Pain at the back of your heel that comes on during activity is generally associated with the Achilles tendon, or its insertion onto the heel bone. The Achilles tendon is the large tendon that connects your calf muscles to your foot. These muscles and tendon have an important role in propulsion through your gait cycle, and if overloaded can result in pain that is difficult to recover from without professional intervention. This sort of pain can also indicate a tear in the Achilles tendon that requires fast action by your podiatrist and allied healthcare team.

Calcaneal stress fracture

Pain that is felt as a deep ache within the heel, or along the sides of the heel can be associated with a stress fracture of the heel bone. Stress fractures are overuse injuries and may come on gradually with a sustained increase in activity. Seeking professional input to manage a stress fracture is important to prevent the bone from sustaining further damage and speeding up recovery.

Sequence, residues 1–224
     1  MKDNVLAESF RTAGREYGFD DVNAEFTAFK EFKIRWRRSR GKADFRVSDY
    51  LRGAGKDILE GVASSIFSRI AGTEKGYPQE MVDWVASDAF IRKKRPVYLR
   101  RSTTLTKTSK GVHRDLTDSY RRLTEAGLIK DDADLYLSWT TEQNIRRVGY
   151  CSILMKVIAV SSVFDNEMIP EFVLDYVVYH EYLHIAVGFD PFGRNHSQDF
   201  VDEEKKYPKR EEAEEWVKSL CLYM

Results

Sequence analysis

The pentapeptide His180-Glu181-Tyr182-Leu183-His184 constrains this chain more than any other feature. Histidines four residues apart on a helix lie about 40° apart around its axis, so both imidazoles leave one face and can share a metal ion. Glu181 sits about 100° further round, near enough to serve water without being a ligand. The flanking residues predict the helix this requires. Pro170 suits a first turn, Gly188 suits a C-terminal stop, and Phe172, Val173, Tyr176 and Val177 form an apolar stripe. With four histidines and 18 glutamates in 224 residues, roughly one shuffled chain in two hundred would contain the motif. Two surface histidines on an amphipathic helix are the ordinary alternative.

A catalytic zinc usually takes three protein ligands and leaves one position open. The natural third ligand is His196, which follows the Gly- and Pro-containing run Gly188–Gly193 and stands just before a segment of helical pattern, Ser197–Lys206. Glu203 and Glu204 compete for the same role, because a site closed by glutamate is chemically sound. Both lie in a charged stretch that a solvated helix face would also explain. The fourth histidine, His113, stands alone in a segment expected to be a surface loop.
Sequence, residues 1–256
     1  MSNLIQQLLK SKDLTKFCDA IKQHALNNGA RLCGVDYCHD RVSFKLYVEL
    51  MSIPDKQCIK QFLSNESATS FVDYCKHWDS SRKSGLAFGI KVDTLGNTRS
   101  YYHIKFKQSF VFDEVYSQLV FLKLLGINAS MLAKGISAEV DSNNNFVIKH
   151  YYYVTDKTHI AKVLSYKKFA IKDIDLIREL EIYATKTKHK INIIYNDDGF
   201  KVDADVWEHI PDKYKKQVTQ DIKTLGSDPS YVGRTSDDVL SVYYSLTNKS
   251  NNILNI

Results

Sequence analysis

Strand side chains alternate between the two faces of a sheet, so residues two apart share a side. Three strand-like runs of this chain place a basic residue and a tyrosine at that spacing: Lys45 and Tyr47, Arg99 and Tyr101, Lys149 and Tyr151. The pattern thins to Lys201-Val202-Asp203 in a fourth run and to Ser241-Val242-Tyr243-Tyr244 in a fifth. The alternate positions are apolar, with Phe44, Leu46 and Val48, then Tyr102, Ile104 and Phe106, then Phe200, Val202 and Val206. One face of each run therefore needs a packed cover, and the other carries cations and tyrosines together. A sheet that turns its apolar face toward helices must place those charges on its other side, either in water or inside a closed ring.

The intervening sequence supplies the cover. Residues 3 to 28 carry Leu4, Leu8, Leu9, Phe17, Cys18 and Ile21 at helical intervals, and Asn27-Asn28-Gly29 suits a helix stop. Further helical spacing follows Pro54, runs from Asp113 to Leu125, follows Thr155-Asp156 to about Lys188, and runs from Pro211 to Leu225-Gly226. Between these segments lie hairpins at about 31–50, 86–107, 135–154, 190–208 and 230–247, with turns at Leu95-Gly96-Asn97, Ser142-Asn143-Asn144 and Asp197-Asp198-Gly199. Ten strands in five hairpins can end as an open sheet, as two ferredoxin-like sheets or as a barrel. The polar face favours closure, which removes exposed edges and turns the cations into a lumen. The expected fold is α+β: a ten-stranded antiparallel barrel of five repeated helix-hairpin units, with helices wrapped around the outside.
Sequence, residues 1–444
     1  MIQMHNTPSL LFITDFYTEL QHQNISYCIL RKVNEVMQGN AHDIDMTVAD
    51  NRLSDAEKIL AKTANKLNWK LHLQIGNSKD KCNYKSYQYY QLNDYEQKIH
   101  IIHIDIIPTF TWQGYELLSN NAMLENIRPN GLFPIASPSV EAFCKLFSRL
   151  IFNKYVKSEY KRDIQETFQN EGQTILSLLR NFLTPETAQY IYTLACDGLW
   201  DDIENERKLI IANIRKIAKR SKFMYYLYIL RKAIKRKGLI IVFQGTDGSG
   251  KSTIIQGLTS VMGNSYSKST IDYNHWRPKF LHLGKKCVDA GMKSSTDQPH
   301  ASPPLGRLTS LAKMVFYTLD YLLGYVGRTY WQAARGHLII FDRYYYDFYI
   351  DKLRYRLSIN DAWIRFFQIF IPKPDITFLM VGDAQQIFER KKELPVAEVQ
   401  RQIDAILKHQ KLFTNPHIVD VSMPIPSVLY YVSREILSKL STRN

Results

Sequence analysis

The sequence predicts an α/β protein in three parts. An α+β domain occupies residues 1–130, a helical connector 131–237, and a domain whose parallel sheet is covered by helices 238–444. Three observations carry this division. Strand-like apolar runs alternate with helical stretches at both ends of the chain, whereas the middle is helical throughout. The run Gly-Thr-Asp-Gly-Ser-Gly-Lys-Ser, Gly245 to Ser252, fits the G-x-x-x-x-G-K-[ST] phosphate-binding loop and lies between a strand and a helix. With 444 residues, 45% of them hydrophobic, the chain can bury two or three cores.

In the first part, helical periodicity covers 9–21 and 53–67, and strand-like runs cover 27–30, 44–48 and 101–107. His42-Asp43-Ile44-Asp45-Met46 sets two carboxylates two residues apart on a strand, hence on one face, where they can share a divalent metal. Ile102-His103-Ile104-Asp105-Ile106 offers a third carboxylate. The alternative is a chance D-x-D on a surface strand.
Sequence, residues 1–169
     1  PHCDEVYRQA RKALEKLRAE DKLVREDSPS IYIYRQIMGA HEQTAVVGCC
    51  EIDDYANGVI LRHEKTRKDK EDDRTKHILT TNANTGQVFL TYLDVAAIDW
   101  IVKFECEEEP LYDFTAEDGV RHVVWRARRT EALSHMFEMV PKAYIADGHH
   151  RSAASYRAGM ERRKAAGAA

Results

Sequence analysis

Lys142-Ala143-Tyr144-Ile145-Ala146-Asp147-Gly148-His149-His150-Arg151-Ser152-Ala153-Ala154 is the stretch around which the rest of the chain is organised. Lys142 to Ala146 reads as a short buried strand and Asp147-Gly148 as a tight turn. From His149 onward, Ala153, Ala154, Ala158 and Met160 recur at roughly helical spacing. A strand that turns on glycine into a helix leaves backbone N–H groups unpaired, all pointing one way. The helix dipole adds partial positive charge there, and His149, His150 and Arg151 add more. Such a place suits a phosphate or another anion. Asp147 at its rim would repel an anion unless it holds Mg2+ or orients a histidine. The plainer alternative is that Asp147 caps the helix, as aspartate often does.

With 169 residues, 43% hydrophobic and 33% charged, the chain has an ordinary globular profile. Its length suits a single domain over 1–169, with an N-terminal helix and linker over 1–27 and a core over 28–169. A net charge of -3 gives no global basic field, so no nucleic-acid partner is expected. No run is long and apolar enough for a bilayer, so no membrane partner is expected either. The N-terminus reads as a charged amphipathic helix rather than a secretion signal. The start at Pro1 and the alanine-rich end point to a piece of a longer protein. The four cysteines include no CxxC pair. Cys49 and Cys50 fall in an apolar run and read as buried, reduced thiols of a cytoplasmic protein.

Sever’s Disease

Heel pain in kids is very common in active children between the ages of 8-12 in girls and 8-15 in boys. There is a combination of factors that contribute to heel pain in children. Activity levels, rapid growth rates and certain foot types create the perfect storm for kids that fall into this category. This condition is known as Sever’s disease (or calcaneal apophysitis, which makes it easy to see why it’s called Sever’s…). This condition is related to the growth plate on the back of the heel bone that is still actively growing in children. Due to the factors above, the growth plate is placed under stress and becomes inflamed. This can stop children from playing sports or even playing games in the playground at school. It is very common and a podiatrist can help to get children back to normal fairly quickly.

It is important to seek a diagnosis from a podiatrist to establish what structures your heel pain is associated with. This will dictate the treatment pathways and bring you back to normal and pain free function as soon as possible.

Why do I wake up with heel pain in the morning?

By far and above the most common cause of heel pain is plantar fasciitis. The plantar fascia is thick band of tissue that fans out from the bottom of the heel to the balls of your feet. The plantar fascia helps to support the arches of the foot and plays an important role in propulsion during the gait cycle.